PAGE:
Proof : We have :
(a + b) p = C ip a i b n i
i =0 p

It is easy to verify that p | C ip where i 0 and p so (a+b)p ap + bp which means : (a+b)p = ap + bp in Fq

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( a + b) p = a p + b p
2 2 2

Apply
3

this
3

fact
3

repeatedly,

we

can

show

that

(a + b) p = a p + b p ,, (a + b) q = a q + b q . Thus if aq = a and bq = b then (a + b)q = a +

b.

Theorem 7.3 : Every conjugate of is i for some positive integer i, where is


algebraic over a finite field.
Proof : is one root of f(x) then :

f ( ) = a d d + a d 1 d 1 + ... + a1 + a0 = 0

f ( i ) = a ( i ) d + a d 1 ( i ) d 1 + ... + a 1 i + a 0
f ( i ) = a d ( d ) i + a d 1 ( d 1 ) i + ... + a1 i + a0 f ( i ) = (a d d + a d 1 d 1 + ... + a1 + a 0 ) i = 0

(explaination pending)

Theorem 7.4 : If Fq is a field of qn elements , then every element satisfies equation :


Xq X = 0 and Fq is precisely the set of roots of that equation. Conversely, for every prime power q = pn the splitting field over Fp of the polynominal Xq X is the field of q elements.
Proof : First suppose that Fq is a finite field then the order of every element in Fq divides

q-1. Thus, Xq-1 = (Xord(a))k = (1)k = 1 (where a is an element of Fq) Xq X = 0. Conversely, let q = pn is a prime power and F is a splitting field of f(x) = Xq X over field Fp. We have : f(x) = Xq X f(x) = qXq-1 - 1 f(X) = -1 (because q = 0 in Fp)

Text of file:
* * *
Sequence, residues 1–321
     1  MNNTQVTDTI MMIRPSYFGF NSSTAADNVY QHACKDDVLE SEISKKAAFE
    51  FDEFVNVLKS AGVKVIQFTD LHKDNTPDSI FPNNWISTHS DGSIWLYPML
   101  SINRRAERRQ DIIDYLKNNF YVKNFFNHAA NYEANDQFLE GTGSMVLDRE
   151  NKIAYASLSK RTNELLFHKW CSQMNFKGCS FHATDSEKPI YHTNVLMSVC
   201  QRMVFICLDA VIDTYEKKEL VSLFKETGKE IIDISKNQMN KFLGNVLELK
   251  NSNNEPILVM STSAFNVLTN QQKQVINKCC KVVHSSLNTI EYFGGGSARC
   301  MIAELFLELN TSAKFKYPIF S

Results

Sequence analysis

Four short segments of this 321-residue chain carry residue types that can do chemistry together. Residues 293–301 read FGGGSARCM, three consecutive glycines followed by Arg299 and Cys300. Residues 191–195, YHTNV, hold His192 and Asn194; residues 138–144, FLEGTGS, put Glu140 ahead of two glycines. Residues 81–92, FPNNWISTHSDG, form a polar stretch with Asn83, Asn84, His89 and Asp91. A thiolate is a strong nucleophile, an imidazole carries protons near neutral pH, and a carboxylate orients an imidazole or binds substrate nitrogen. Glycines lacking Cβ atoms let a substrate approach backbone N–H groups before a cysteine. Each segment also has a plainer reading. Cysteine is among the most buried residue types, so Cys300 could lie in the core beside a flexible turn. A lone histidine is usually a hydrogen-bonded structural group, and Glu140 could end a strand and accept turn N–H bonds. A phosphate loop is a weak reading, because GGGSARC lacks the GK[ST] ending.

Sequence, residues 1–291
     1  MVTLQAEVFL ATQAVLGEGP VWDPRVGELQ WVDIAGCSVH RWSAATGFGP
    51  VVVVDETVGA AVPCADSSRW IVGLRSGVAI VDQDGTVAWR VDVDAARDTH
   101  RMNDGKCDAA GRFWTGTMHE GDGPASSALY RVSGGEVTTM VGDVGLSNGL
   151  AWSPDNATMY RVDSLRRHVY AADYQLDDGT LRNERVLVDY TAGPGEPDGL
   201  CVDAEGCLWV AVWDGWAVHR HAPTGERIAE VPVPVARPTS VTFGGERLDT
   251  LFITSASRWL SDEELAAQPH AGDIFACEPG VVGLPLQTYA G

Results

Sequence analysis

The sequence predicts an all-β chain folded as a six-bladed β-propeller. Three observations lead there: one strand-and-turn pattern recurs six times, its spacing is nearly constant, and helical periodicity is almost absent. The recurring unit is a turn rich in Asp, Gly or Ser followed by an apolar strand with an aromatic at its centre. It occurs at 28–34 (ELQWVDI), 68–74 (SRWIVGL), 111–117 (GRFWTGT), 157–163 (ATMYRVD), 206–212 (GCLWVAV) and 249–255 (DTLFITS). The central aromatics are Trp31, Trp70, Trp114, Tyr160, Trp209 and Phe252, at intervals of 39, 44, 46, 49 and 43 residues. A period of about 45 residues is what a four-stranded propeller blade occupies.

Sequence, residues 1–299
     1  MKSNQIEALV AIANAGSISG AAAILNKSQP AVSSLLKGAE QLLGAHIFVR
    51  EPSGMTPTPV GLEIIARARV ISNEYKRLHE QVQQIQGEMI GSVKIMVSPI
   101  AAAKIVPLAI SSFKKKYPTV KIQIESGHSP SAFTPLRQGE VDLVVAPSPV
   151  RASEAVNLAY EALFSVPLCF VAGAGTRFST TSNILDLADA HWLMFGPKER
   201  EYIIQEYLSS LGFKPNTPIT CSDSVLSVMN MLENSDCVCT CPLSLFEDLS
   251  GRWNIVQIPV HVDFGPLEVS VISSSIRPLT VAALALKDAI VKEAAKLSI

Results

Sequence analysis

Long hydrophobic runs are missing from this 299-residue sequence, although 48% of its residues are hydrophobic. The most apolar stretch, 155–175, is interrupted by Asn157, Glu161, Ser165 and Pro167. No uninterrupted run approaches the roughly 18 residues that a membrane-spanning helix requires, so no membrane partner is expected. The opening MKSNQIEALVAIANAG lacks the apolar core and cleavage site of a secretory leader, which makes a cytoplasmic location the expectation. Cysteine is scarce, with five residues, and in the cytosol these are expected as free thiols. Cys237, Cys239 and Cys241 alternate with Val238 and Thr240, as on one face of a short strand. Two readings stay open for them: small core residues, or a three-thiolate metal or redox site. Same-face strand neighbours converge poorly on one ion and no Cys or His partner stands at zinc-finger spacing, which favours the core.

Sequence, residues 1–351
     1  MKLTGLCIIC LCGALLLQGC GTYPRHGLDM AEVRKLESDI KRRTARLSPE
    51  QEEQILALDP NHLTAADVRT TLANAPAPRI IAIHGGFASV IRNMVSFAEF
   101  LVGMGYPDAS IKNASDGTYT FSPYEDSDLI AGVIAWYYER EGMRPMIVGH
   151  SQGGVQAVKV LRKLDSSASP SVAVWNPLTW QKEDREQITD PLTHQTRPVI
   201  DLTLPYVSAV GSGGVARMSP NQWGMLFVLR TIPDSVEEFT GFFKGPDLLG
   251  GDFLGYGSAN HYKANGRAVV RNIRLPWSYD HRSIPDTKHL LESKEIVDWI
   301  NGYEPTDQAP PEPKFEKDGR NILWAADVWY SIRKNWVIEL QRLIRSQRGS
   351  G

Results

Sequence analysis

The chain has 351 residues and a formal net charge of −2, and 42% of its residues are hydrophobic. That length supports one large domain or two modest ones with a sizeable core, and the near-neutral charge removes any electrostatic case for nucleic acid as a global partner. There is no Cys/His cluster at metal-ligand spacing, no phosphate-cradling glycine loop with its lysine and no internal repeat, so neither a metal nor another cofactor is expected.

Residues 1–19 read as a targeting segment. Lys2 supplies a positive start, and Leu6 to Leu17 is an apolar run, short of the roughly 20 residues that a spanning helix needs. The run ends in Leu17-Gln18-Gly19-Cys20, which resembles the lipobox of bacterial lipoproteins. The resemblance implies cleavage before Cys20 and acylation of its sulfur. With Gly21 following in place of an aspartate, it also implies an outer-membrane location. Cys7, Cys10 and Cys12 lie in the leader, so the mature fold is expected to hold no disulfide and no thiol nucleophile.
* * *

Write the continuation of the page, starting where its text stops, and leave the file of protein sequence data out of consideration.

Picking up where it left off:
Therefore f(x) and f(x) have no common root at all and they have no multiple root. This statement means that f(x) has distinct q root. As we define F as splitting field of f(x) over Fp then F must contain at least q elements. We show that the set of q elements is a field with addition and multiplication operation. If a and b are solutions of f(x), aq = a, bq = b then (a + b)q = aq + bq = a + b (Theorem 7.3) and (ab)q = aqbq = ab. That is both sum of a

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and b, and product of a and b are solutions of Xq X. So F is precisely a field of q elements.

Construction of Finite Field : F p = F p ( ) =


d

Fp [ X ] f ( x)

, where p is prime